When Amanda Heins, 10, took the field at a recent Reading Phillies game, the pony tail sticking out of her baseball cap made her easy to distinguish among the other players on the field.
Amanda, a fifth-grader at KD Markley, is the only girl in Great Valley Little League's National League (10- and 11-year-olds). Players from the league's top fundraising teams got to attend the June 18 minor league game; having a catch on the professional diamond was the cherry on top.
It was her ponytail that caught the attention of Ruth Hartman, a former professional baseball player and longtime Reading Phillies season-ticket holder. She requested a meeting with Amanda.
Hartman played in the All-American Girls Professional Baseball League—the 1940s organization that served as inspiration for the movie "A League of Their Own." She and Amanda discussed favorite positions and what it was like to play in a game dominated by men.
When Amanda first signed up for Little League, at age 8, her father filled out a form, checking the boxes for "Female" and "Baseball."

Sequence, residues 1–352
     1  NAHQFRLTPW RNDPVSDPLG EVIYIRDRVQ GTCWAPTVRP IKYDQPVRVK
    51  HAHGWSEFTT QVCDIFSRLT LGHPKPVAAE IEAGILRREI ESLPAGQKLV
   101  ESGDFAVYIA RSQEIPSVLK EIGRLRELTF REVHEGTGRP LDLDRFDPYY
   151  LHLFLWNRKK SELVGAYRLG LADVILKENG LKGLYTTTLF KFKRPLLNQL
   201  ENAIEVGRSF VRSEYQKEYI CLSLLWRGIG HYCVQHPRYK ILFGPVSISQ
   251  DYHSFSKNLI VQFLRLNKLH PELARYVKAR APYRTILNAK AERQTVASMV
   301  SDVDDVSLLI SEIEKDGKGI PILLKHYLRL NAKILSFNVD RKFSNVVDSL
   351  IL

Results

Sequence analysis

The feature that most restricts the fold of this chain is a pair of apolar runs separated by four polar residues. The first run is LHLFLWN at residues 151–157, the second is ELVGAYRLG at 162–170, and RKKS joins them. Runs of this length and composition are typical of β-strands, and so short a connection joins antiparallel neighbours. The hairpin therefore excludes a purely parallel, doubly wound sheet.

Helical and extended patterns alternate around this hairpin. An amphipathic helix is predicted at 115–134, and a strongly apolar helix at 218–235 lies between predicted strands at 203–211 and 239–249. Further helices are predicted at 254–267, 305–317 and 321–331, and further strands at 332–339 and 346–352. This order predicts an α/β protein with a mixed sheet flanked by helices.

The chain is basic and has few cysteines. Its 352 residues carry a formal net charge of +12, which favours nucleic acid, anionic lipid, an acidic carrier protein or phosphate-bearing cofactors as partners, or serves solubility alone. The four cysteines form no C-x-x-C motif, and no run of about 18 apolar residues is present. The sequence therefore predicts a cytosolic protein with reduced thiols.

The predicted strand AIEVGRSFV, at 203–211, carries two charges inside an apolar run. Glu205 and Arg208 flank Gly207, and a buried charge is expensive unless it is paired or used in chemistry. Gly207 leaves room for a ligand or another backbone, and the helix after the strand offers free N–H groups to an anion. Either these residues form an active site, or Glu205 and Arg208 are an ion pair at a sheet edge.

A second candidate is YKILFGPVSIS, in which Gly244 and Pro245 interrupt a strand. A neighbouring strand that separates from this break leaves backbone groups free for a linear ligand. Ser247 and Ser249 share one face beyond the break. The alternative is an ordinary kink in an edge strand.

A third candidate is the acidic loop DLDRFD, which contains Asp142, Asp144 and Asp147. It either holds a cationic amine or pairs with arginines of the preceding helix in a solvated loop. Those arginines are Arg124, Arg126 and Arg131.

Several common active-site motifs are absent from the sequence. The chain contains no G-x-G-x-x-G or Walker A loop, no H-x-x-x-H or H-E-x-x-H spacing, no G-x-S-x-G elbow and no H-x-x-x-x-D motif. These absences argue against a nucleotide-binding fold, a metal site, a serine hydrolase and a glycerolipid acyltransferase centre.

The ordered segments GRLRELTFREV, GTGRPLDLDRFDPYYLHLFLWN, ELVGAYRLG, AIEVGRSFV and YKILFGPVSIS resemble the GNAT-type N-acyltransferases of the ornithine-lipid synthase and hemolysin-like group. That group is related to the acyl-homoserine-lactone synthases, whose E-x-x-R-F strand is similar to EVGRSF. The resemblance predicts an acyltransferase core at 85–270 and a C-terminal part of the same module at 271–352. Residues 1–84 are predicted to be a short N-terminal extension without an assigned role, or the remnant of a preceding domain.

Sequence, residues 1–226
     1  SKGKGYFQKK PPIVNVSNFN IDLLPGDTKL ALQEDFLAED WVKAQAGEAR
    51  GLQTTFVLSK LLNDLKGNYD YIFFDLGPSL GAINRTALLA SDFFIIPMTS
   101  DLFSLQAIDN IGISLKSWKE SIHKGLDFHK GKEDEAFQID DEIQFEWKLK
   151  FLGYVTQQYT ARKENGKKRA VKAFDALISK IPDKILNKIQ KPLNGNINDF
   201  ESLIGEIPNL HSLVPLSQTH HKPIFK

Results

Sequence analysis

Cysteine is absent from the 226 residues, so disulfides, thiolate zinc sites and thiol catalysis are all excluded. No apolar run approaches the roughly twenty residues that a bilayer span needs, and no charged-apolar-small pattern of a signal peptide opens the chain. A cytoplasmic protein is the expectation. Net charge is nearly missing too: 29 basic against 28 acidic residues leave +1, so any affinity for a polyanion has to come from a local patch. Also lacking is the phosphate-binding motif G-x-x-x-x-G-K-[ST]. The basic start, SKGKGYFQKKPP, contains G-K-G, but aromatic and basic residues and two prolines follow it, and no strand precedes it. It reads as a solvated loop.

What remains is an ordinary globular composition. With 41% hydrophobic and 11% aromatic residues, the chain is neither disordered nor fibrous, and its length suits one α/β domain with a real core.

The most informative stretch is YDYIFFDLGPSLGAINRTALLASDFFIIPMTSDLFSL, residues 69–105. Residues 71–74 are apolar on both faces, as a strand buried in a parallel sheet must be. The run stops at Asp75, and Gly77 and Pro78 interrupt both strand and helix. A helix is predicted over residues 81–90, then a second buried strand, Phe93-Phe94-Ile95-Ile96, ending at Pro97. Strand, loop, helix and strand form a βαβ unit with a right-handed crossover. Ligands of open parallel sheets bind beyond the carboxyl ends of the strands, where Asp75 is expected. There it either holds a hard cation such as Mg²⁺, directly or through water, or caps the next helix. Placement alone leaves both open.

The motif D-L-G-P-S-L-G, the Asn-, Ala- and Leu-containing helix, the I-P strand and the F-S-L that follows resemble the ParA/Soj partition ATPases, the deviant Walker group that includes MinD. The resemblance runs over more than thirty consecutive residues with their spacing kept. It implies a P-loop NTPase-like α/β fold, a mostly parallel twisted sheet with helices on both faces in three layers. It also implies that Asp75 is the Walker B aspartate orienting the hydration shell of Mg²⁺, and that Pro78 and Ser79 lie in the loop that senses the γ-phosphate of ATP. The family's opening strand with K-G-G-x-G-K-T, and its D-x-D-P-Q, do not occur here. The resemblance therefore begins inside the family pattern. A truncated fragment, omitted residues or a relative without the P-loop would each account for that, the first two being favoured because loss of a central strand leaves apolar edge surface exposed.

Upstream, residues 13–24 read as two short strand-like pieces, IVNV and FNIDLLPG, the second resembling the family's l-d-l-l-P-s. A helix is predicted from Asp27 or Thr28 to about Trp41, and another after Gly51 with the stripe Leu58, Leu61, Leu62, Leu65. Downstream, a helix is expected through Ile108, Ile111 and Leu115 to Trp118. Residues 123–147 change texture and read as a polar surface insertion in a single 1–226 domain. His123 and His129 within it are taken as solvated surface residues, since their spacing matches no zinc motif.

"I got email from a woman, saying, 'I’ll be your daughters softball coach,'" Fred Heins said. "I said, Amanda, it looks like you will be playing softball."
She wasn't happy about that, so Heins called the league and had her put her in the hardball division. The person he spoke with just assumed Heins made a mistake on the form, he said.
Two years later, it isn't just her hair that makes Amanda stand out—she's an All Star.
"She's a gritty little ballplayer," said Scott Bennett, her coach on the GVLL National League Braves. "A quiet girl, but a really good ballplayer."
Bennett said he's followed her for a while, and drafted her to his team this year based on high marks from her previous coaches.
"I've had her pitch, catch, play shortstop and centerfield. She's leadoff batter and has a 600-plus on-base percentage," Bennett said.
Amanda said she's never played softball, and isn't interested in trying. Her favorite professional player is the Phillies' Roy Halladay.
Amanda has experience being the only girl around. She's the first female born into the Heins family in 48 years.
"My brother had all boys. I was one of four boys," Heins said.
She's not the first athlete, though. Her father played college baseball, and her mother, Sheila, was a skater with Olympic aspirations.
The Heins family aren't sure in which baseball leagues she'll be able to keep playing as she grows, but they will find a way.
"All my neighbors say if you pay a dime for her college, you did something wrong," Heins said.